As we know, Topics are divided into partitions. Further, each partition has a leader. Also, with multiple replicas, most partitions are written into leaders. However, if the leaders are not balanced properly, it might be possible that one might be overworked, compared to others.
So, on the basis of our system or how critical our data is, we want to be sure that we have sufficient replication sets to preserve our data. It is recommended that starting with one partition per physical storage disk and one consumer per partition.

c. Tuning Kafka Consumers

Basically, Kafka Consumers can create throughput issues. It is just that the number of consumers for a topic is equal to the number of partitions. Because, to handle all the consumers needed to keep up with the producers, we need enough partitions.
In the same consumer group, consumers split the partitions among them. Hence, adding more consumers to a group can enhance performance, also adding more consumer groups does not affect performance.
Moreover, the way we use the -replica.high.watermark.checkpoint.interval.ms property can affect throughput. Also, we can mark the last point where we read information while reading from a partition. In this way, we have a checkpoint from which to move forward without having to reread prior data, if we have to go back and locate the missing data. So, we will never lose a message, if we set the checkpoint watermark for every event, but it significantly impacts performance. Also, we have a margin of safety with much less impact on throughput, if, instead, we set it to check the offset every hundred messages.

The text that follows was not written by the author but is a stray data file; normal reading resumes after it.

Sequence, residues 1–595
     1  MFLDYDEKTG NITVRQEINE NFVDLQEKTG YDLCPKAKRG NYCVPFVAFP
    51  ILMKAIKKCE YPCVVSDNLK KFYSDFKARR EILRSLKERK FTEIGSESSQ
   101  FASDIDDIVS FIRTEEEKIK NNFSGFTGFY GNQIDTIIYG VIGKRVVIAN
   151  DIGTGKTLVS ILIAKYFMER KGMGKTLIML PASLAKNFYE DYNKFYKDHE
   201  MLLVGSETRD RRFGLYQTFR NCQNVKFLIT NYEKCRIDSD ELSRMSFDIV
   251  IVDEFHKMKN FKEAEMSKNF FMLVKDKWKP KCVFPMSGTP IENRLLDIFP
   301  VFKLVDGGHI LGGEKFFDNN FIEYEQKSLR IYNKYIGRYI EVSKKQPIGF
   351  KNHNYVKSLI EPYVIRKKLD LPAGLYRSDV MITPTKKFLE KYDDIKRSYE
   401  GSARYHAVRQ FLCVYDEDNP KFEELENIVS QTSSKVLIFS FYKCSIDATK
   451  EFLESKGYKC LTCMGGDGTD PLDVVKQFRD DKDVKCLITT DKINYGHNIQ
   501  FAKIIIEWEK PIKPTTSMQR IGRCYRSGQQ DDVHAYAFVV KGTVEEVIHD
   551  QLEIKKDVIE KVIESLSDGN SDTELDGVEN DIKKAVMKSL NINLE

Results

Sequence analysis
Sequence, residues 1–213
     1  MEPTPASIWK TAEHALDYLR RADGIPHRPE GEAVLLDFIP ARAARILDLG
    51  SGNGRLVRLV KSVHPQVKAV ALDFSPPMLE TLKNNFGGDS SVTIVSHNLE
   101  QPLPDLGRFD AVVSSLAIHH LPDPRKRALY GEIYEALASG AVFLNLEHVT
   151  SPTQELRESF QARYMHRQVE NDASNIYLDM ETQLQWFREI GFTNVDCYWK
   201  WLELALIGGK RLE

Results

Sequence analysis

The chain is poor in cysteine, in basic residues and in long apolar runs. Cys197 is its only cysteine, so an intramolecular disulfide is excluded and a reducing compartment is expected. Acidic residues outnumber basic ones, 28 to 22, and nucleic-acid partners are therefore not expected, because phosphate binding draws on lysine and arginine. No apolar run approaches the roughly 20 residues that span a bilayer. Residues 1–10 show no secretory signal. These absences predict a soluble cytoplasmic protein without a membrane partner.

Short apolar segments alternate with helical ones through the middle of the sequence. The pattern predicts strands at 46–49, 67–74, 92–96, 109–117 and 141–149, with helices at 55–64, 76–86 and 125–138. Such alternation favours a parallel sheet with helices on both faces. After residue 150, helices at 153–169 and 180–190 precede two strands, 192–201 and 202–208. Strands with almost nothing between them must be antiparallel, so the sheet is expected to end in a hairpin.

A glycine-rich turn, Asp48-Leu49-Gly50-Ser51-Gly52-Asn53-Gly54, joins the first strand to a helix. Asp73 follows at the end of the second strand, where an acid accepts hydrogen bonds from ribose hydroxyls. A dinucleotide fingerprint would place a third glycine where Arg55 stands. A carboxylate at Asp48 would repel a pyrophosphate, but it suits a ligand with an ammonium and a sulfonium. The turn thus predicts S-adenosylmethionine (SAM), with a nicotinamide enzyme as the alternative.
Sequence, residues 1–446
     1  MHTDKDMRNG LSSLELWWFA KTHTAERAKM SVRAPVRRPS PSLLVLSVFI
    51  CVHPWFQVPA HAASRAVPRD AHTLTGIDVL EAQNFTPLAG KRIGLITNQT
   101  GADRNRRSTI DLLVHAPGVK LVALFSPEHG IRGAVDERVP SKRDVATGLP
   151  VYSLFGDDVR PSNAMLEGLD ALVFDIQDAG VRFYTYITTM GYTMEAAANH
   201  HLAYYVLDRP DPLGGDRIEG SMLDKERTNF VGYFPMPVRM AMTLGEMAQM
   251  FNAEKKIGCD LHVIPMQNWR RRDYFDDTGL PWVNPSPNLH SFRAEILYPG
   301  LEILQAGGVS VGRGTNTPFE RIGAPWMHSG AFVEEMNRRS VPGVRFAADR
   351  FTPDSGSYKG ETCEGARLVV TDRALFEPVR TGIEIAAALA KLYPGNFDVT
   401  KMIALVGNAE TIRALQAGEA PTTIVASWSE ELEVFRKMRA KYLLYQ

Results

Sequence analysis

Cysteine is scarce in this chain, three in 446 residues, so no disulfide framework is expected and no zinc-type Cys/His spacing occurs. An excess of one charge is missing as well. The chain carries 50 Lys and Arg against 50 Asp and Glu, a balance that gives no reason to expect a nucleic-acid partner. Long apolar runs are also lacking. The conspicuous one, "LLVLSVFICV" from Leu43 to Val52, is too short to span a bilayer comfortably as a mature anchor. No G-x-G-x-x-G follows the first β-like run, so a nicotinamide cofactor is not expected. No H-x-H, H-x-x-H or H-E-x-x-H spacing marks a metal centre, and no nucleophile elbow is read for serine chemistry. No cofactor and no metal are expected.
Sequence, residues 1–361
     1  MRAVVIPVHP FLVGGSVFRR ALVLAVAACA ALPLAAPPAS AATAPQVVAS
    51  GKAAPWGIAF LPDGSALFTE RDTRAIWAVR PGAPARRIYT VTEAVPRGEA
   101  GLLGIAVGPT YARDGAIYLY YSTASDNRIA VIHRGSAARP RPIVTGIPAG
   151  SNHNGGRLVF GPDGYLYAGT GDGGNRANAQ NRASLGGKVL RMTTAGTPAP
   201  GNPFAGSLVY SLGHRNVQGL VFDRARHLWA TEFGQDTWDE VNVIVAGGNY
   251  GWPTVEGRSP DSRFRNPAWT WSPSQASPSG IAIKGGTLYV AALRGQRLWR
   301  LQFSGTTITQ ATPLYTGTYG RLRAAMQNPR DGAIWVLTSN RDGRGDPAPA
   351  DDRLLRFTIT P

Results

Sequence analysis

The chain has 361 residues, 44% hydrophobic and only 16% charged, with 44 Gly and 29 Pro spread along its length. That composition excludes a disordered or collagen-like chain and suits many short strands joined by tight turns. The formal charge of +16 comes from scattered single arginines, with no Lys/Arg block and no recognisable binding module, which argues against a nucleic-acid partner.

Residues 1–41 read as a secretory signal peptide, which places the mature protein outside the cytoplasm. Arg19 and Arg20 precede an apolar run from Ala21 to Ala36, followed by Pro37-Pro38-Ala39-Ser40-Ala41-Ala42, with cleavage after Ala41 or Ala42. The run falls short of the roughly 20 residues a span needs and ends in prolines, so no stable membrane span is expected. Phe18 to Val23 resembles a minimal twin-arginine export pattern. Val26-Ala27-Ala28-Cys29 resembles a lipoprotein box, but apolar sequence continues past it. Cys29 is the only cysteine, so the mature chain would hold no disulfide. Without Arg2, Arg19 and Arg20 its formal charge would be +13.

Production Server Configurations in Kafka Tuning

As per the availability of the cluster environment and machine configuration, here are some of the configurations parameter and their values which we can modify –

Do you know about important Kafka Tools — learn here

Kafka Performance Tuning- Production Server Configurations

a. num.replica.fetchers

This parameter defines the number of threads which will be replicating data from the leader to the follower. As per availability of thread, we can modify the value of this parameter. It is important to have the number of replica fetchers to complete replication in parallel if we have threads available.

b. replica.fetch.max.bytes

This parameter is all about how much data we want to fetch from any partition in each fetch request. It’s good to increase value for this parameter so, that it helps to create replica fast in the followers.

c. replica.socket.receive.buffer.bytes

We can increase the size of a buffer if we have less thread available for creating the replica. Also, if replication thread is slow as compared to the incoming message rate, it will help to hold more data.

d. num.partitions

While having Kafka in live, we should take care of this configuration. We can have the level of parallelism and write data in parallel, that will automatically increase the throughput. However, if the system configuration is not capable to handle then increasing the number of the partition can slow down our performance and throughput. Basically, if a system does not have sufficient threads or just have single disk then it does not make sense in creating lots of partition for better throughput. So, we can say, the creation of more partition for a topic is directly dependent on available threads and disk.

e. num.io.threads

Basically, how much disk we have in our cluster, that decides setting value for I/O threads. Moreover, a server uses these threads for executing the request. Hence, a number of threads must depend on a number of the disk.
So, this was all about Kafka Performance Tuning. Hope you like our explanation.

Conclusion: Kafka Performance Tuning

Hence, we have seen the whole concept of Kafka Performance tuning. Moreover, we studied Tuning Kafka Producer, Tuning Kafka Broker, tuning Kafka Consumer. In addition, we discussed 5 production server configuration. Still, if any doubt occurs, regarding Kafka Performance tuning, feel free to ask in the comment section.